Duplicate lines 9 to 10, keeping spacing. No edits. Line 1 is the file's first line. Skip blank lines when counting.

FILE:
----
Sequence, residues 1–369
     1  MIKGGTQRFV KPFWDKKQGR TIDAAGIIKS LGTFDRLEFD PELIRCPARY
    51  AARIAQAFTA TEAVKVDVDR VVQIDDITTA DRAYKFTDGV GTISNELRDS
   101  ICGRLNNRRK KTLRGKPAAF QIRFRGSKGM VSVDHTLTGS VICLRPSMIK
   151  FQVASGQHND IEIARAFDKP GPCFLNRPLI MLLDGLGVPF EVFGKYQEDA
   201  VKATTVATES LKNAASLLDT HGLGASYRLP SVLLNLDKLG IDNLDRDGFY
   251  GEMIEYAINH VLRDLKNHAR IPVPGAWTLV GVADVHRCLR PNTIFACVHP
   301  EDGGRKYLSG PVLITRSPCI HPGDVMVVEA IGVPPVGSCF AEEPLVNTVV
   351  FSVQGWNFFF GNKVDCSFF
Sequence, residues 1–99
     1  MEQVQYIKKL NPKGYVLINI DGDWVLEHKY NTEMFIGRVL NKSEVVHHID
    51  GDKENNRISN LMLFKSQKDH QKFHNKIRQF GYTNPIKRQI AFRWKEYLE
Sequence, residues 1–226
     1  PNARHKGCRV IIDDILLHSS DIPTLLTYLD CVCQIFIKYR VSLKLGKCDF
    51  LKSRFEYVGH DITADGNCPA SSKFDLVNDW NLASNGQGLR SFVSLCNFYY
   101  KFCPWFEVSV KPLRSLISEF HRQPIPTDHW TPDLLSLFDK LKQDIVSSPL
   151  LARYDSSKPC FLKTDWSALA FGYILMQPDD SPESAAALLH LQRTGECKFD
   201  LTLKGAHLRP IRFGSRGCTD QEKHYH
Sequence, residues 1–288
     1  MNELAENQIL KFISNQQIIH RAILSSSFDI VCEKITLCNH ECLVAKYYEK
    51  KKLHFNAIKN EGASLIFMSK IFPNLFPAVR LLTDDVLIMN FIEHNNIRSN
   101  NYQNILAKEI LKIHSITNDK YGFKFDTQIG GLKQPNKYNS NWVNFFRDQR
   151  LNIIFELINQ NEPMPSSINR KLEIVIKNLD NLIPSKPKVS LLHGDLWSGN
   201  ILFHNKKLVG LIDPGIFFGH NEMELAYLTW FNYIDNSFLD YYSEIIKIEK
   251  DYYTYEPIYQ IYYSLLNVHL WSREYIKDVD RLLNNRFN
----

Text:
   351  FSVQGWNFFF GNKVDCSFF
Sequence, residues 1–99